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How I Turned an Internship into a Career

February 19, 2019

By: Mallory Glenn '19

Before I went to the OFIC CareerFest last year, people told me “Career fairs lead to internships!” And I was a bit skeptical, thinking That would be awesome, but I don’t think that’ll happen to me — and then it did! I attended the 2018 OFIC CareerFest in Columbus and found an amazing summer internship at Lakeside Chautauqua in Lakeside, Ohio.

Well, then people told me “Internships can lead to full-time employment at the organization!” And I was a bit skeptical, thinking That would be awesome, but I don’t think that’ll happened to me. And now, it did.

After some deliberation, I have confidently accepted a position as the Advancement and Communications Assistant at Lakeside Chautauqua. And, incidentally, the 2019 OFIC CareerFest also influenced my decision to accept the position.

There’s a lot to think about before accepting a job, and I hadn’t been expecting to have to make the choice until much later into the semester, presumably after feverish searching on, numerous tweaks on my LinkedIn profile, and various organizations and companies had received my resume, cover letter, and writing samples. In fact, after seeing two of my closest friends work incessantly to get a job and into graduate school during the 2018 spring semester, I specifically designed my senior spring schedule with a grueling job search in mind.

However, after only a few searches on Indeed, a couple tweaks to my LinkedIn profile, and only one organization having received my resume and cover letter, I found myself with an amazing job offer. I originally pictured myself working at a sustainability/environmental organization and moving to a bigger city, so the job wasn’t initially something I saw myself doing.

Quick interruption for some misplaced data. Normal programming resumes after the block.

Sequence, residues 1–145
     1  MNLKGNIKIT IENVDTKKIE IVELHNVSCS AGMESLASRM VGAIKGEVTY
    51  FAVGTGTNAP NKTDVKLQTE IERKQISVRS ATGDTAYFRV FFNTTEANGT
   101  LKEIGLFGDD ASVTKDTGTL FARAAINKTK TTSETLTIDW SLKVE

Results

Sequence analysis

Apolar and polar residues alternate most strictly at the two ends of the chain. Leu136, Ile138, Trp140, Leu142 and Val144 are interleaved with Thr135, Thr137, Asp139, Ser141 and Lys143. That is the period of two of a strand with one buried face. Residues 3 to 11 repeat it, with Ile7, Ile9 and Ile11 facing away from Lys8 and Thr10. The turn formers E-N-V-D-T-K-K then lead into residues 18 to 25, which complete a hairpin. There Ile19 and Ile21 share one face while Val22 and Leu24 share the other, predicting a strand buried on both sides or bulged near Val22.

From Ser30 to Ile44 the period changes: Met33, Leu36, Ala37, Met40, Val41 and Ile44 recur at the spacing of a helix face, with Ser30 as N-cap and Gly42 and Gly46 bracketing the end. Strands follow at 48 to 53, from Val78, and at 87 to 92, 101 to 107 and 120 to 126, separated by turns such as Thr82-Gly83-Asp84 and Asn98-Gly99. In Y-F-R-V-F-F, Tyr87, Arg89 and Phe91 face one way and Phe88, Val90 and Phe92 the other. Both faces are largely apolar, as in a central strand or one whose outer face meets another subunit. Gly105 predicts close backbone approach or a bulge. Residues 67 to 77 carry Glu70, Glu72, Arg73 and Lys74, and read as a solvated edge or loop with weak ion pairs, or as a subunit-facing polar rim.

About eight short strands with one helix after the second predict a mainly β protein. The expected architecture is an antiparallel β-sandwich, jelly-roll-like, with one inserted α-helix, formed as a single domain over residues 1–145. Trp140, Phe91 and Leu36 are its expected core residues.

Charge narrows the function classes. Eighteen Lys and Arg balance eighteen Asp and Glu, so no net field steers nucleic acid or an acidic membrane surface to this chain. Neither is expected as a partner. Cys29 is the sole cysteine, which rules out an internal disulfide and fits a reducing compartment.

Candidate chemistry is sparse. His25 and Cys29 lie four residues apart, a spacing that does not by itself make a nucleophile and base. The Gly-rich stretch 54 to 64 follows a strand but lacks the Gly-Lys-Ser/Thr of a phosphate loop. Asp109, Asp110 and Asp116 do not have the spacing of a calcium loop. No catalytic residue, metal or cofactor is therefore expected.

Yet, upon learning more about the flexibility of the position and carefully considering the benefits, positive work environment, and overall skillset the job would allow me to develop, I began to lean toward the decision of accepting the position. I discussed the opportunity with various friends, family, and trusted mentors. This feeling was cemented after I attended the 2019 OFIC CareerFest in Columbus.

While family and friends’ opinions and advice are important, a trusted mentor such as a professor can offer you more thorough, informed input.

“When I graduated, I was open to trying new things and finding out what my strengths really were as an employee,” said Alana (Wolonsky ’08) Tarry, the director of development at Lakeside. “I looked for a position that taught me responsibility, a place that listened to my ideas, and somewhere that encouraged me to continue my education.”

For me, this is Lakeside. This experience in accepting the job also taught me that, as new graduate first entering the work force, it’s important to be flexible.

“As a new graduate you should focus on a position where you have the opportunity to try a lot of new things and grow as a person,” said Tarry. “Look for a position where you will have the opportunity to learn from the people in the organization and that there is a good leader and a strong team atmosphere.”

I also believe that when weighing job opportunities and offers, it’s crucial to seek the advice and listening ear of trusted mentors. I am lucky to have developed strong relationships with Mount Union faculty and discussed the Lakeside opportunity at length with them before deciding to accept the offer. Dr. Gwen Gray Schwartz talked with me about budgeting, negotiations, and provided me with some questions I should ask before accepting the offer. We talked in her office, over the phone, and through email. Dr. Danielle Cordaro talked at length with me about questions to ask about before signing my contract and offered to read the contract over with me before I sign it.

While family and friends’ opinions and advice are important, a trusted mentor such as a professor can offer you more thorough, informed input.

When beginning your career, it’s also important to think about how your new network will support you.

“When you’re considering a position, it’s important to consider whether people in the organization will be helpful in mentoring you along the way in your early career,” said Tarry. “Most importantly, look for an organization where the people want to see you succeed and advance in your career.”

It’s important to think critically about a variety of factors before accepting your first job. As a graduate entering the workforce for the first time, the best you can do is make the best choice given the information you have at the time.

 “There’s no such thing as too much experience,” said Tarry. “Learn as much as you can from your current employer, and don’t be afraid to ask your supervisor to try something you might be interested in, or to shadow someone who is currently in that position.”

As you decide upon your first job, rationally follow your heart. And ultimately know that this decision will not make or break your career, but instead will act as your gateway into the professional world.

For more information about career development, visit the Center for Student Success at